• Scaffold the class as much as possible, getting materials and assignments up before the semester begins.  Effective teaching requires a lot more outreach outside of class time, which cuts into planning time.
  • Make a point of calling on students who attend class with their video off. The students who join by audio only are more likely to become disengaged. I have a natural tendency to call on students that I can see. I began posing some questions specifically for those who had their video off, either opening a question for that group of students, or calling on specific video-off students by name. It upped participation from this group. Also, sometimes when I say, “This next question is for those of you with your video off,” there would quickly follow a pop-pop-pop of a handful of videos turning on!

You can view all of the results here. Further comments, suggestions, and discussion welcome.

Three of Wesleyan’s Graduating Philosophy Majors Earned Their Degrees While In Prison

Published by Anonymous (not verified) on Fri, 07/05/2021 - 7:30pm in

This month, the first group of seven incarcerated men will be graduating from a recently created program at Wesleyan University with their Bachelor’s degrees. Three of them—Michael Braham, Clyde Meikle, and Andre Pierce—will be graduating as philosophy majors.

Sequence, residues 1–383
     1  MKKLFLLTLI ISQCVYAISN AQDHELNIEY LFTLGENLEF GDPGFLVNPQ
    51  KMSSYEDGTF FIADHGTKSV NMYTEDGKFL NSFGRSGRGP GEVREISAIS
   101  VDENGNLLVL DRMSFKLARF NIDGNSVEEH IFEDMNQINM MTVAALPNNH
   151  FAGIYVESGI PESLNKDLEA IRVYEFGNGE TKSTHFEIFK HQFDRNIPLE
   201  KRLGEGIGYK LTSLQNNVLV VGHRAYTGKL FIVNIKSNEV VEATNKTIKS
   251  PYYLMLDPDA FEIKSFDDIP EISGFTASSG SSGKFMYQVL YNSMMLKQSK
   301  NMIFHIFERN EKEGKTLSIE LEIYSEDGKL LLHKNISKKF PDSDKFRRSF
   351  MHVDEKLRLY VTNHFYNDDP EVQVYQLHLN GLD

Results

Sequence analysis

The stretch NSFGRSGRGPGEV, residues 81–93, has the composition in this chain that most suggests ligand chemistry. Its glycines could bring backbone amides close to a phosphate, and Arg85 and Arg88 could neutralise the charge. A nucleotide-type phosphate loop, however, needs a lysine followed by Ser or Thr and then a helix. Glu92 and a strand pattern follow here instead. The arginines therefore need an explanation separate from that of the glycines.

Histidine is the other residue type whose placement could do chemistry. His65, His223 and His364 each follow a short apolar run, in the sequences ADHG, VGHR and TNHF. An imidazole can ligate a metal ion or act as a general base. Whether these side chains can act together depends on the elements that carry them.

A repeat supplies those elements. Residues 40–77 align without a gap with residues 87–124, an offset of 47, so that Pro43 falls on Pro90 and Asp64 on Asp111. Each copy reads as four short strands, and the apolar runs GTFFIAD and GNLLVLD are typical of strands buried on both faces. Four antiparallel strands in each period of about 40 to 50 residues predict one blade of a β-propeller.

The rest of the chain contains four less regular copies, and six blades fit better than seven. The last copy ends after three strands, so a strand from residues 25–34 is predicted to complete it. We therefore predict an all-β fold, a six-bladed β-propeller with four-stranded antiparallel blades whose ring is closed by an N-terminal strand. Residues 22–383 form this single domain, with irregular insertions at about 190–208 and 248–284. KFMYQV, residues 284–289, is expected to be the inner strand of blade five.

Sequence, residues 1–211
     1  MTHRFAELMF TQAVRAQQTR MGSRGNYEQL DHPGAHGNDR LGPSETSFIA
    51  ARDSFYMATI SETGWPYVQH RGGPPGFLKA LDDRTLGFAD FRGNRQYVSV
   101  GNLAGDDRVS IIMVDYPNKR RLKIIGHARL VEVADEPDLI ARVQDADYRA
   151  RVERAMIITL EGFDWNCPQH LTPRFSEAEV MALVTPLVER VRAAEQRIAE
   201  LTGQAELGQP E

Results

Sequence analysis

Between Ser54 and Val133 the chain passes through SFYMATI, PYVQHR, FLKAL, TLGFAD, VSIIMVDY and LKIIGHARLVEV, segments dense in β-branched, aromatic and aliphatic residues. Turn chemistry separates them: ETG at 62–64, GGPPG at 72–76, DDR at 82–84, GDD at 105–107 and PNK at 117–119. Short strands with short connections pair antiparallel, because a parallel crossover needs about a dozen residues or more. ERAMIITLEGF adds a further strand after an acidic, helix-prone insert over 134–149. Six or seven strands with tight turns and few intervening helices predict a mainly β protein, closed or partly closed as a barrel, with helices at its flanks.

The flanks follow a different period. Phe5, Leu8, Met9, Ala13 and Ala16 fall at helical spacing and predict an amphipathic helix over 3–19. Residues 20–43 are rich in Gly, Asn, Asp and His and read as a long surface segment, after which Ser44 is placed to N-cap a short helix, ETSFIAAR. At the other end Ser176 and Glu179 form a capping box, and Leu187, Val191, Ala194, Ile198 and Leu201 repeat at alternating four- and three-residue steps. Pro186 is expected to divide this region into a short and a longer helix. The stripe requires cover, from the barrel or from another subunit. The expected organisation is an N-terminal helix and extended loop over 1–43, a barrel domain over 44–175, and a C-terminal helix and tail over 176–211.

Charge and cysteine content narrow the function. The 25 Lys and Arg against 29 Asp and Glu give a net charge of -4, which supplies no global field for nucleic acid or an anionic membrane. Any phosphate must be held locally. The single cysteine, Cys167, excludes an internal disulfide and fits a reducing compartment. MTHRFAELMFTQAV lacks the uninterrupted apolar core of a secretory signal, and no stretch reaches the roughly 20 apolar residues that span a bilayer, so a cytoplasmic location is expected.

Clyde Meikle

The work to make this happen started 12 years ago, and involved several institutions, according to Lori Gruen, professor of philosophy at Wesleyan University. She writes:

In 2009, a group of Wesleyan undergraduates, with supportive faculty, created the Center for Prison Education (CPE) and began a pilot offering Wesleyan courses for credit in Cheshire Correctional Institution, a maximum security men’s prison. We admitted 18 students and offered 2 courses a semester. After the two-year pilot, we expanded the number of students by admitting new cohorts every other year and started offering more courses. In 2013 we began offering courses at York Correctional Institution, Connecticut’s women’s prison. In 2016, we partnered with Middlesex Community College to allow students to pursue Associate’s Degrees. And in 2019, Wesleyan Faculty and then the Board of Trustees approved a non-residential Bachelor’s of Liberal Studies